Abstract
In a MerlinArthur proof system, the proof verifier (Arthur) accepts valid proofs (from Merlin) with probability 1, and rejects invalid proofs with probability arbitrarily close to 1. The running time of such a system is defined to be the length of Merlin’s proof plus the running time of Arthur. We provide new MerlinArthur proof systems for some key problems in finegrained complexity. In several cases our proof systems have optimal running time. Our main results include:
 Certifying that a list of n integers has no 3SUM solution can be done in MerlinArthur time Õ(n). Previously, Carmosino et al. [ITCS 2016] showed that the problem has a nondeterministic algorithm running in Õ(n^{1.5}) time (that is, there is a proof system with proofs of length Õ(n^{1.5}) and a deterministic verifier running in Õ(n^{1.5}) time).
 Counting the number of kcliques with total edge weight equal to zero in an nnode graph can be done in MerlinArthur time Õ(n^{⌈ k/2⌉}) (where k ≥ 3). For odd k, this bound can be further improved for sparse graphs: for example, counting the number of zeroweight triangles in an medge graph can be done in MerlinArthur time Õ(m). Previous MerlinArthur protocols by Williams [CCC'16] and Björklund and Kaski [PODC'16] could only count kcliques in unweighted graphs, and had worse running times for small k.
 Computing the AllPairs Shortest Distances matrix for an nnode graph can be done in MerlinArthur time Õ(n²). Note this is optimal, as the matrix can have Ω(n²) nonzero entries in general. Previously, Carmosino et al. [ITCS 2016] showed that this problem has an Õ(n^{2.94}) nondeterministic time algorithm.
 Certifying that an nvariable kCNF is unsatisfiable can be done in MerlinArthur time 2^{n/2  n/O(k)}. We also observe an algebrization barrier for the previous 2^{n/2}⋅ poly(n)time MerlinArthur protocol of R. Williams [CCC'16] for #SAT: in particular, his protocol algebrizes, and we observe there is no algebrizing protocol for kUNSAT running in 2^{n/2}/n^{ω(1)} time. Therefore we have to exploit nonalgebrizing properties to obtain our new protocol.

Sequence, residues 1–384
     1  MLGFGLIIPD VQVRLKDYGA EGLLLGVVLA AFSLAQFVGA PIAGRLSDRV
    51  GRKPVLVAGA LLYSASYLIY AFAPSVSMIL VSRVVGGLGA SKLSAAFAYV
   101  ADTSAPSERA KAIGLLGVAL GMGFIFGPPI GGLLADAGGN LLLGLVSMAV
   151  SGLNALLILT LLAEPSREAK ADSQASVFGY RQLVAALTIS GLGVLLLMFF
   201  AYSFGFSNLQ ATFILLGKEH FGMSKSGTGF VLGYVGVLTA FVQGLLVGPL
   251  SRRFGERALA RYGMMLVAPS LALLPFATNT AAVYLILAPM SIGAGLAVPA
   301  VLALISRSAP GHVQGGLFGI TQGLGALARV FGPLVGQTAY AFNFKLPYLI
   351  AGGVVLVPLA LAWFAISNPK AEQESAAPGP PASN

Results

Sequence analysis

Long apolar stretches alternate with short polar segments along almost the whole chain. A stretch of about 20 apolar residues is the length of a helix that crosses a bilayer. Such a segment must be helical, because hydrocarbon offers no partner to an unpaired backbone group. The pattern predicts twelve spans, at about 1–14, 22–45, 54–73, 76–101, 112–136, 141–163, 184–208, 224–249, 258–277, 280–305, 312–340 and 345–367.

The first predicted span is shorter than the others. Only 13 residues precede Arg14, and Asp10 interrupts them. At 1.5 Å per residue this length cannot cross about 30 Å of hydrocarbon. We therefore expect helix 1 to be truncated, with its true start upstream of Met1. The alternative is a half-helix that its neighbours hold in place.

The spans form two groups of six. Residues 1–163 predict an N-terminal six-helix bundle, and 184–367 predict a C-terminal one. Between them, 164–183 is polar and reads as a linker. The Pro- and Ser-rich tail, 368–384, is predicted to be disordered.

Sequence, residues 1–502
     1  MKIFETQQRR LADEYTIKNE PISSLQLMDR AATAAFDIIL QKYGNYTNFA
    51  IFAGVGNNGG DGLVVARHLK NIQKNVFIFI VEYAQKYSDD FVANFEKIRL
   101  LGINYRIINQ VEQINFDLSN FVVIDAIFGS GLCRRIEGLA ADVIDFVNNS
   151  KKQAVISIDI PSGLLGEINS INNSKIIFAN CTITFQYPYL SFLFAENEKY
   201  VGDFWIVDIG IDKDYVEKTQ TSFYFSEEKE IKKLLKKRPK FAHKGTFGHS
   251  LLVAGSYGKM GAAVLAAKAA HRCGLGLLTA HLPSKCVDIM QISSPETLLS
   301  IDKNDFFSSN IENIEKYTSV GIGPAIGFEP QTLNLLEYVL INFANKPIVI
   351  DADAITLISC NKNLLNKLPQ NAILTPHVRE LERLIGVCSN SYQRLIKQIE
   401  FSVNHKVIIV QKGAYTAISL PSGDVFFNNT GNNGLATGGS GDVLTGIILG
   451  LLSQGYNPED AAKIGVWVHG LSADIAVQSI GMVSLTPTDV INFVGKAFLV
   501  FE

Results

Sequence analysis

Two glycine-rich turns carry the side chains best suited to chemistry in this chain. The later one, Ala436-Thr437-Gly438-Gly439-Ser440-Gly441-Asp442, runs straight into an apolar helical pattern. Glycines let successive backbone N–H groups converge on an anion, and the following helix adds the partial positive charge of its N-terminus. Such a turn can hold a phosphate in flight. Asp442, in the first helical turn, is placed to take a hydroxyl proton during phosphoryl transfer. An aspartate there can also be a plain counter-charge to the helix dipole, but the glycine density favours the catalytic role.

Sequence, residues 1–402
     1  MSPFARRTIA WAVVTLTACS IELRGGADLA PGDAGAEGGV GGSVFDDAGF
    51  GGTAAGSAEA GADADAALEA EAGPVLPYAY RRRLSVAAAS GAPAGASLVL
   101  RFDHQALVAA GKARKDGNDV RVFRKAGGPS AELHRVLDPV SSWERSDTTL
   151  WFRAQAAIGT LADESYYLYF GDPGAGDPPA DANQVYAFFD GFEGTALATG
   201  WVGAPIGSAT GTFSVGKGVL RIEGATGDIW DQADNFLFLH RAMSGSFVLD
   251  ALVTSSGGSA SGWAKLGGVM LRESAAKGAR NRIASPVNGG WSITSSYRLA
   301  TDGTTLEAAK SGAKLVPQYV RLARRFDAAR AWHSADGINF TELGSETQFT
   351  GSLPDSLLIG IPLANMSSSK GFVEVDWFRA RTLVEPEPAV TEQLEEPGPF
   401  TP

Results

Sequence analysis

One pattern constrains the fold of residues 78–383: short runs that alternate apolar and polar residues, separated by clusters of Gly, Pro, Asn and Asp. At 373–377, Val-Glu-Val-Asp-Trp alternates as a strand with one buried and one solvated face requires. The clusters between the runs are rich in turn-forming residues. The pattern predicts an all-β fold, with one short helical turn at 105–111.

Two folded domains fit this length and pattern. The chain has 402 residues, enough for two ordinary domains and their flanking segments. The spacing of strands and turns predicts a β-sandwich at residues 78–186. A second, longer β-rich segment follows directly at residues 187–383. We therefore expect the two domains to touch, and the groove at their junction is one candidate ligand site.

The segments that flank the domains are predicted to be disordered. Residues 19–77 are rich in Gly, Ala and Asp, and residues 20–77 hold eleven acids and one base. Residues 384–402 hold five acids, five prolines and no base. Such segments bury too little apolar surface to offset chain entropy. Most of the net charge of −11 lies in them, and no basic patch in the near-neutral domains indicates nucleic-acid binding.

Certifying a Quantified Boolean Formula is true can be done in MerlinArthur time 2^{4n/5}⋅ poly(n). Previously, the only nontrivial result known along these lines was an ArthurMerlinArthur protocol (where Merlin’s proof depends on some of Arthur’s coins) running in 2^{2n/3}⋅poly(n) time. Due to the centrality of these problems in finegrained complexity, our results have consequences for many other problems of interest. For example, our work implies that certifying there is no Subset Sum solution to n integers can be done in MerlinArthur time 2^{n/3}⋅poly(n), improving on the previous best protocol by Nederlof [IPL 2017] which took 2^{0.49991n}⋅poly(n) time.
BibTeX  Entry
@InProceedings{akmal_et_al:LIPIcs.ITCS.2022.3,
author = {Akmal, Shyan and Chen, Lijie and Jin, Ce and Raj, Malvika and Williams, Ryan},
title = {{Improved MerlinArthur Protocols for Central Problems in FineGrained Complexity}},
booktitle = {13th Innovations in Theoretical Computer Science Conference (ITCS 2022)},
pages = {3:13:25},
series = {Leibniz International Proceedings in Informatics (LIPIcs)},
ISBN = {9783959772174},
ISSN = {18688969},
year = {2022},
volume = {215},
editor = {Braverman, Mark},
publisher = {Schloss Dagstuhl  LeibnizZentrum f{\"u}r Informatik},
address = {Dagstuhl, Germany},
URL = {https://drops.dagstuhl.de/opus/volltexte/2022/15599},
URN = {urn:nbn:de:0030drops155991},
doi = {10.4230/LIPIcs.ITCS.2022.3},
annote = {Keywords: Finegrained complexity, MerlinArthur proofs}
}
Keywords: 

Finegrained complexity, MerlinArthur proofs 
Collection: 

13th Innovations in Theoretical Computer Science Conference (ITCS 2022) 
Issue Date: 

2022 
Date of publication: 

25.01.2022